Friday, July 30, 2010

Physics Phun

This isn't something that's likely to appeal to a lot of people (so of course I'm posting on it) but it's a really fun game for physics or engineering types. 

Stop groaning, I did say GAME.

Even my children like it and have been successful at it on occasion.  Father's not too fond of it, but then he's the verbal type.

What is it?

Fantastic Contraption.

The object is to get a little pink circle into a larger pink rectangle.  Around a lot of obstacles, of course.  The trick is, you have to build something that will transport the little circle into the rectangle.  And you have to do it within the confines of a blue workspace.  Once you press start, you are unable to interfere in the workings of the machine.  If it fails, you stop it and either rebuild or make adjustments.  Your tools are simple: wheels that rotate in either direction, a wheel that doesn't (no power) and two kinds of connecting rods.  Once the contraption is set into motion, the rules of physics apply.

Sound simple? (well, ok, the first level is...)

Good luck!

Thursday, July 29, 2010

Crocheted Three-Bar Cross Baby Blanket #2

Well, here's the second one.  For Patty's sake I'm glad I'm done!


It's a little different from the first one.  I suppose I'm still tweaking the design.


It ended up being 38" by 45".  A little bit big!


Next: a Latin Cross.

Tuesday, July 27, 2010

Parenting in the fear of God

I just want to relate something precious:

I brought Fantasia 2000 home from the library yesterday.  I set it up for the children and brought my crocheting (almost done Patty!) in with me to watch it with them.  Of course, I mostly watched instead of worked.

During one part, there is an imaginative depiction of the destruction a volcano can accomplish - the lava taking on a corporeal (monster) form.  Pickles was watching with his eyes like saucers and I worriedly looked at him to see if it were too scary.  He, still watching, pushed up next to me in a way that demonstrated complete trust in my protection.  It's very humbling, delightful and terrifying at the same time.  I thought of the "Prayers of parents for their children" that I read with the rest of my prayers and remembered this line:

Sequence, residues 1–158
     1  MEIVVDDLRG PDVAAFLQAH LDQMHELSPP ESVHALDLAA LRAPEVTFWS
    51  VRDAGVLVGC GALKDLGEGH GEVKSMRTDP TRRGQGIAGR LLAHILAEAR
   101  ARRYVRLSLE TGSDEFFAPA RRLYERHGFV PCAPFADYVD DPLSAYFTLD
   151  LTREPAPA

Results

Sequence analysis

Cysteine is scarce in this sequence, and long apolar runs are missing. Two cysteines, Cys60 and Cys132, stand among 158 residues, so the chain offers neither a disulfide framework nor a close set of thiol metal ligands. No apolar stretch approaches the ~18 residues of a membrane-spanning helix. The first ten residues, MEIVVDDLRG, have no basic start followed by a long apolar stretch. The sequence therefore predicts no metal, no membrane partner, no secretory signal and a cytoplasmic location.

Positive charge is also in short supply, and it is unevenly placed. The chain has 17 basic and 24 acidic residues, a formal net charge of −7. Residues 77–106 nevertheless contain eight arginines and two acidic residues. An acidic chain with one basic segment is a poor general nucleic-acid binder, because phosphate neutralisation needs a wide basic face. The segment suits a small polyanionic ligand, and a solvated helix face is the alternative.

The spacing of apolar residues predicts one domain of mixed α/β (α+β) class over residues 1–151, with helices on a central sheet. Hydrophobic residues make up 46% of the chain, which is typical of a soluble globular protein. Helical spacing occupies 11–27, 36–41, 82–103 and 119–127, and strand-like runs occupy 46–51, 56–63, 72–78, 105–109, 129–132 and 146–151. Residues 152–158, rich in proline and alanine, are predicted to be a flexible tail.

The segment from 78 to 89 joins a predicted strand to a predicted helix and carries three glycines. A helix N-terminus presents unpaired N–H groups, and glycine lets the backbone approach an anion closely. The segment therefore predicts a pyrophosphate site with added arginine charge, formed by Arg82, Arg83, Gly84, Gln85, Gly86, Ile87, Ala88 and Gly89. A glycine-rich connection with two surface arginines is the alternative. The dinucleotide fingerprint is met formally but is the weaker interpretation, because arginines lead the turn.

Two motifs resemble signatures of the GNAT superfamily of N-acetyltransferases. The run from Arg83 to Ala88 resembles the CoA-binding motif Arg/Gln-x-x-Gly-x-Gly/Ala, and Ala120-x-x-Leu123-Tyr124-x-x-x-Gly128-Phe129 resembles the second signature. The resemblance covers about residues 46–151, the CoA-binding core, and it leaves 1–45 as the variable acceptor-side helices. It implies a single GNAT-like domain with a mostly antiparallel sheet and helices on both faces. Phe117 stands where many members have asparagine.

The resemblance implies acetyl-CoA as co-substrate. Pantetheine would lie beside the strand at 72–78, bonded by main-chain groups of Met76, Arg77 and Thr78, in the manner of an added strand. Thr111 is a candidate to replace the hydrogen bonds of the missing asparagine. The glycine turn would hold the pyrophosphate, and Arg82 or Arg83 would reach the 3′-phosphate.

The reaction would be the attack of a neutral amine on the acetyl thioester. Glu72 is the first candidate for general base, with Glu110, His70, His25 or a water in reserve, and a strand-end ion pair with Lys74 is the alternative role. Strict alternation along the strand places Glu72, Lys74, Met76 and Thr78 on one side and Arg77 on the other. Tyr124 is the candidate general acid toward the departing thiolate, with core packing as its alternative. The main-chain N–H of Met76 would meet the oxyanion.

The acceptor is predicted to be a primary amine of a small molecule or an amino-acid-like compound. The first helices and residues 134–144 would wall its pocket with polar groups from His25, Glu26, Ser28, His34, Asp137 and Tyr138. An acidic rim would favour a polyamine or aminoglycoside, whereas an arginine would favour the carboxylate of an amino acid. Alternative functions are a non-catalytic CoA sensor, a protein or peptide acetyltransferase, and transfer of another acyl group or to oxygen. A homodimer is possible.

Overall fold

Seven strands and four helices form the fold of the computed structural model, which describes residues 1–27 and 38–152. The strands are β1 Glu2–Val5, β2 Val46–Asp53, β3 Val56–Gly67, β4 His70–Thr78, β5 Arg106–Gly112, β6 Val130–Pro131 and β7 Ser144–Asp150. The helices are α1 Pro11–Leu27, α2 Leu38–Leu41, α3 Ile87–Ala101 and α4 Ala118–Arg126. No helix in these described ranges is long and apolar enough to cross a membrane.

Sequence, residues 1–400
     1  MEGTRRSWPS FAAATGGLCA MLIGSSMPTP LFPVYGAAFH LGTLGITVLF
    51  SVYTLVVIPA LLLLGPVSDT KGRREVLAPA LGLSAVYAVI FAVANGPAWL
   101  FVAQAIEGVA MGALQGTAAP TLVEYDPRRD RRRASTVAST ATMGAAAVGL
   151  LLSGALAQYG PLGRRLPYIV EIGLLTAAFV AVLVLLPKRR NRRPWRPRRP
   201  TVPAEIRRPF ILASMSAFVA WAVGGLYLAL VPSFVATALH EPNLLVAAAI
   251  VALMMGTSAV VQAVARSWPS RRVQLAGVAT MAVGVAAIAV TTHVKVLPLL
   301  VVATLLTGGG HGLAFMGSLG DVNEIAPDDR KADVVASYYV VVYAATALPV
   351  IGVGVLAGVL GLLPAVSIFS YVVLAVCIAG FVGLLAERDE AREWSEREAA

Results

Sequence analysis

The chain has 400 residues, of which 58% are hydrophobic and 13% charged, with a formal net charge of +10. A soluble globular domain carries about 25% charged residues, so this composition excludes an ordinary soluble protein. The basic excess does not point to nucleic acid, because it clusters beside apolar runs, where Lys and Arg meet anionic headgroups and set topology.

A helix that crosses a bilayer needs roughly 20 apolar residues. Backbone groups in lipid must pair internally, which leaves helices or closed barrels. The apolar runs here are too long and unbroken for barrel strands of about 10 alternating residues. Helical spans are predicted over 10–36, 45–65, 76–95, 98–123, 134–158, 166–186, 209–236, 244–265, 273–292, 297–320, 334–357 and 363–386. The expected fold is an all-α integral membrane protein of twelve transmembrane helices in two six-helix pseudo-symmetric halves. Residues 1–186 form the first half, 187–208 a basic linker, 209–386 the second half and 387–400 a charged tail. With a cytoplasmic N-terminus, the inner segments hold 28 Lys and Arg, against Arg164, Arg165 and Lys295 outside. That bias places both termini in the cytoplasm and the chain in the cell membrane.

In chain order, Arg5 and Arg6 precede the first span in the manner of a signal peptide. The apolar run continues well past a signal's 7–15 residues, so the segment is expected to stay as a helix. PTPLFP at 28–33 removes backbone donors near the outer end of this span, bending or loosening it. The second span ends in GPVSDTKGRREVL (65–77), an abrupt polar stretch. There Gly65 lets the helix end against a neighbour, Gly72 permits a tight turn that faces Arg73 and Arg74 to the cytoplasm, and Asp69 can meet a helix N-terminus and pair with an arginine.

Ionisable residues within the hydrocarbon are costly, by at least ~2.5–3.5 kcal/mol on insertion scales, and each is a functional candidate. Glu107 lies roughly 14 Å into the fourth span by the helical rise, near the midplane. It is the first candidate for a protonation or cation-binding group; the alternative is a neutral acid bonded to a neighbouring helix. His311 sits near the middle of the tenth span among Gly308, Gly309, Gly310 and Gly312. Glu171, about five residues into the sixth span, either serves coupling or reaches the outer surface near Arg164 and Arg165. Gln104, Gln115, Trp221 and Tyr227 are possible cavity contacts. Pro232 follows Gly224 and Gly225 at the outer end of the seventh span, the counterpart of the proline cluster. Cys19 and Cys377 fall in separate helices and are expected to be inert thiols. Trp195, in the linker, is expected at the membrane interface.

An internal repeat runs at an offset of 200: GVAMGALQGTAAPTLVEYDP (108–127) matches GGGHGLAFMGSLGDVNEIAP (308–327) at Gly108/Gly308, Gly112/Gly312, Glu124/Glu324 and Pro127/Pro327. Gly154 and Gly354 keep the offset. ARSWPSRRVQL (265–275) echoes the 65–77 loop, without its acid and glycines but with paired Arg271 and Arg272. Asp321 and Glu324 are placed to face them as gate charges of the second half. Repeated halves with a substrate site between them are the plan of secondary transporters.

"O good Lord, I pray to Thee, grant that I have joy and gladness in my children; vouchsafe that I appear with them before Thy terrible tribunal, and without fear say: 'Here I am, O Lord, with the children Thou has deigned to give me'"

It is a fearful thing to realize that children are very much like the talents in the parable.  We will be expected to have demonstrated good husbandry and increase, to show that we have done our best with what we have been lent.  For the children are ours only for a time - they are God's for all eternity.

May God give all of us parents strength and fortitude to sacrifice our own selfish thoughts and desires in order to bring up pious children who will glorify His name.

Monday, July 26, 2010

Home


I was taking out the garbage (romantic task) and turned back to look at the house. 
This is what I saw.  Doesn't it look cozy?

"Do not leave children unattended in the tub"

But not for the reason you'd think:

When Pickles sat on my lap this morning I smelled his hair and was reminded of a hilarious incident from the other night (the smell still lingers):

I had put the boys in the tub (nice, big, old-fashioned clawfoot) the other night after church.  I got busy with dinner and didn't head right back in there to get them scrubbed.  They like to play extensively anyway, so they were quite happy.

Well, after a while I could hear "Moooommmmyyyy! I'm ready to get out."  I went into the bathroom and was hit at the door with the overwhelming scent of something that I couldn't immediately place, but that clearly wasn't appropriate for little boys.  Ginger was already out and toweling off.  He proudly told me that he had washed both of them including hair!  I was getting Pickles out, noting the massive amount of bubbles in the tub, when I saw he still had suds in his hair.  I rinsed it [insert screams] and got him out.  As I was toweling him off, I noticed a bottle sitting a little apart from the others on the shelves near the tub.  I picked it up and the label read:

Bath and Bodyworks
Black Currant Vanilla
Sensuality

Ummmm...

Father said he couldn't go near the bathroom because it made his eyes sting.

Music Monday: O Magnum Mysterium

I want to start a new schedule that will begin with "Music Monday".  I am always coming across music I like to share and it would be nice to have an organized way to present it.  Not that I won't post anything else on Monday, necessarily, but this will be first.